As at early afternoon
Reports are being ‘phoned in by The Other Half.
Photographs haven’t come through yet, but I am told that the lounge was factory central with a hole having been punched into the ceiling for the ducting. The plants – around 40 or so – had been removed by the police during last night’s raid, but the pots left behind.
The boiler has been taken apart – obviously the perpetrators have messed around with the heating system.
Despite the property showing – so I am told – evidence of recent occupation, there is no-one around. We suspect, although cannot know for certain of course, that the tenant is enjoying accommodation at HM’s pleasure at the moment.
Securing the Property
Our natural conclusion, also the recommendation of the police, was to secure the property and change the locks. However, this raised another question: where the heck do we stand on this legally? With no tenants around, does the landlord actually have the right to change the locks?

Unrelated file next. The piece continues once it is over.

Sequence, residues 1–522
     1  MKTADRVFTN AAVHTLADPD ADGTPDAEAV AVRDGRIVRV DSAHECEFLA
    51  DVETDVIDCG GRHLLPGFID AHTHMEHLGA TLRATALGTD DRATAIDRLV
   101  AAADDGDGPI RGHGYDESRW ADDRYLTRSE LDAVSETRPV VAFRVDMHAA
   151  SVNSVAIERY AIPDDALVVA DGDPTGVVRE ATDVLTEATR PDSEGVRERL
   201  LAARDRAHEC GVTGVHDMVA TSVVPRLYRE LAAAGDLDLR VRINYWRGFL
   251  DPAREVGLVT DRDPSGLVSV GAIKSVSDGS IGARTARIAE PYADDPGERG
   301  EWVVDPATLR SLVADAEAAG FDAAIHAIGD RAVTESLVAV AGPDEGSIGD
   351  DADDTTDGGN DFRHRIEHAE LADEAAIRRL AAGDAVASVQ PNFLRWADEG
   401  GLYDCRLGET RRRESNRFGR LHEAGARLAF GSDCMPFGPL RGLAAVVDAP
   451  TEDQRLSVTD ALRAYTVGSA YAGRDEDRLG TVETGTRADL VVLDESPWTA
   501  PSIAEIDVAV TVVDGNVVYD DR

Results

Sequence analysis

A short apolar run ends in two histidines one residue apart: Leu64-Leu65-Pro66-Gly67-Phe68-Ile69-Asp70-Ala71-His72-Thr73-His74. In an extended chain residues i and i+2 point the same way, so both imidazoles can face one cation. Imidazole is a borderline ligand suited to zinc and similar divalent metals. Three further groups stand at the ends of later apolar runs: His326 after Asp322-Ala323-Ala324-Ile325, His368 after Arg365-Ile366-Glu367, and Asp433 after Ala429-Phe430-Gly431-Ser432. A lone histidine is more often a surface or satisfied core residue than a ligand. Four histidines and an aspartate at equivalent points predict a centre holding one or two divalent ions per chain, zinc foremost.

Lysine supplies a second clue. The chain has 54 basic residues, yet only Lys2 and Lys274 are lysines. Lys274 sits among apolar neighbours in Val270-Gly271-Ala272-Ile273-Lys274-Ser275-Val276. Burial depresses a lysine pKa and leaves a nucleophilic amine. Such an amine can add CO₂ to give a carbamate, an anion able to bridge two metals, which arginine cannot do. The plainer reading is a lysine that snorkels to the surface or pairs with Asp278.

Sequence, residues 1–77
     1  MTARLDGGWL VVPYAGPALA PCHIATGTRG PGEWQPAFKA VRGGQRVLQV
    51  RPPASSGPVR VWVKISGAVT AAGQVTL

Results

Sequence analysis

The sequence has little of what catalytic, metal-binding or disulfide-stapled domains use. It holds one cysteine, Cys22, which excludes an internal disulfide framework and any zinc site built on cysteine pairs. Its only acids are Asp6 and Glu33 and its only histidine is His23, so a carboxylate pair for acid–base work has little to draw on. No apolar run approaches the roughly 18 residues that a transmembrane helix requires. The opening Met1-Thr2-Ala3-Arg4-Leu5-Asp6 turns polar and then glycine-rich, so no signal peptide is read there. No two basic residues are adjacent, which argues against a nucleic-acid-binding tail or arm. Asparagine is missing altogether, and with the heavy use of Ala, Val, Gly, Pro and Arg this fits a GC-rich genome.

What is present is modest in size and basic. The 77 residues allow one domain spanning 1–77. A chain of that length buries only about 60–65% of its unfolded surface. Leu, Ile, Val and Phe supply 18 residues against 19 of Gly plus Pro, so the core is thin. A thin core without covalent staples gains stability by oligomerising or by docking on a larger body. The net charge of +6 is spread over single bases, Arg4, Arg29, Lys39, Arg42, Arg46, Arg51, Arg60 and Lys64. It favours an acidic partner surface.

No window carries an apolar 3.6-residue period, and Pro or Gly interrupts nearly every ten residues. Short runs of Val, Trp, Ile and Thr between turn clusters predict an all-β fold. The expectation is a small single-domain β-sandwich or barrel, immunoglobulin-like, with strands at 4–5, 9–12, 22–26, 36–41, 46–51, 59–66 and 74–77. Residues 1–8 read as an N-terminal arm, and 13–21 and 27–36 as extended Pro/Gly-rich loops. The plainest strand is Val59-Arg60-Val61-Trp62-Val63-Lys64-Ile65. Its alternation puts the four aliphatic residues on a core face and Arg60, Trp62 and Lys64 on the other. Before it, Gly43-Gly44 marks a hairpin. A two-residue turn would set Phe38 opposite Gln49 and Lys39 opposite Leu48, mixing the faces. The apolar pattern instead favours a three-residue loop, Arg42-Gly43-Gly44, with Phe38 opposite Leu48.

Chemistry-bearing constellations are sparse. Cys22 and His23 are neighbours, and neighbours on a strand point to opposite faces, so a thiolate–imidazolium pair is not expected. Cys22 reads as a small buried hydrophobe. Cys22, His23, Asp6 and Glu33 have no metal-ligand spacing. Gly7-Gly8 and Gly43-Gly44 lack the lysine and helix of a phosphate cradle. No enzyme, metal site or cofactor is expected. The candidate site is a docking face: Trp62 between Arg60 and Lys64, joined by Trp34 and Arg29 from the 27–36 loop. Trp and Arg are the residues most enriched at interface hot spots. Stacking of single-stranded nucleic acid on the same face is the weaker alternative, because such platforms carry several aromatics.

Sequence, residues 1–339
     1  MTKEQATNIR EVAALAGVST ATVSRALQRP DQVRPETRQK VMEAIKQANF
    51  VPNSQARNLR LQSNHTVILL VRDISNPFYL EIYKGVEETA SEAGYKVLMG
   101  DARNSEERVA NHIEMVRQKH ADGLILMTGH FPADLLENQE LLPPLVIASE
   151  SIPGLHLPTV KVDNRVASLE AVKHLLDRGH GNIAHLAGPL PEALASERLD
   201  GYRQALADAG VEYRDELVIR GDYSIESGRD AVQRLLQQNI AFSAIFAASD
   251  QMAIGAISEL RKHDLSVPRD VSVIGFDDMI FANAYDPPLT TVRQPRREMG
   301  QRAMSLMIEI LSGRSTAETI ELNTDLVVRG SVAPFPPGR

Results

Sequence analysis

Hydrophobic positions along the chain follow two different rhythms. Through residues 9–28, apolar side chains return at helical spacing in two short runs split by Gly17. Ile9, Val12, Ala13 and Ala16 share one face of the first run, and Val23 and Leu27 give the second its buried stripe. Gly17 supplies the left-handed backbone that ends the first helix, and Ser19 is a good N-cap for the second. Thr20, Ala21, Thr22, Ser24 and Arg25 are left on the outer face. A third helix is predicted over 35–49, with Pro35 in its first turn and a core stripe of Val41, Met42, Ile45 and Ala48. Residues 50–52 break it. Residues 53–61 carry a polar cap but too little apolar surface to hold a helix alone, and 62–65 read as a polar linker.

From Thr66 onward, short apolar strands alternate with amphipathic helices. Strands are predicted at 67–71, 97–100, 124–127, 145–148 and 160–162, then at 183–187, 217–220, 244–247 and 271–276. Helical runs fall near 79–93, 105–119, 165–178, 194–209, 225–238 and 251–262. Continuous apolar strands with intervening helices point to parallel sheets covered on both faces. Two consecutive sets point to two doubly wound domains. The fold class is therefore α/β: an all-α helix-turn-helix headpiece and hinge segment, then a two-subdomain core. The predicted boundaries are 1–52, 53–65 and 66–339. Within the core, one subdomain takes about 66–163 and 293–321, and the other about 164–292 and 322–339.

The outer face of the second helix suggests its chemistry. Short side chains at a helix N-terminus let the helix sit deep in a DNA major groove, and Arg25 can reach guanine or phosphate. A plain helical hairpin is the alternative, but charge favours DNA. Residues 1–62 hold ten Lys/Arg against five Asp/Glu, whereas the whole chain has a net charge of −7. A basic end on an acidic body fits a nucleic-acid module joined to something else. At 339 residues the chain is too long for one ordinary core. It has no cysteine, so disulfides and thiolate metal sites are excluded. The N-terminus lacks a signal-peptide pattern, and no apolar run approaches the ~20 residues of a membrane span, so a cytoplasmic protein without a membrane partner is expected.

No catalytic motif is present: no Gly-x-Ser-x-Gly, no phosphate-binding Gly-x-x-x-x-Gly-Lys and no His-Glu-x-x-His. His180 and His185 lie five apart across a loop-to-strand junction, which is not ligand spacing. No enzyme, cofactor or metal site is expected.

I probably don’t need to explain my first thoughts in answer to that question. They’re not printable.
However, my unprintable thoughts are not going to stand in a Court of Law. So, faced with a bit of a conundrum, we decided on the lesser of two evils – The Other Half contacted the locksmith who is due to arrive mid-afternoon. The locks will be changed.
In the meantime, we also agreed to get advice, so I’ve just come off the ‘phone to our property lawyer, who has confirmed that changing the locks is the way to go. Even if the tenant were to complain, “any judge in his right mind” he considered, is unlikely to find in favour of the tenant in this case after rather a serious breach of the terms of the contract.
As well as the locksmith, the agent is coming down to have a look later on this afternoon.
The story continues …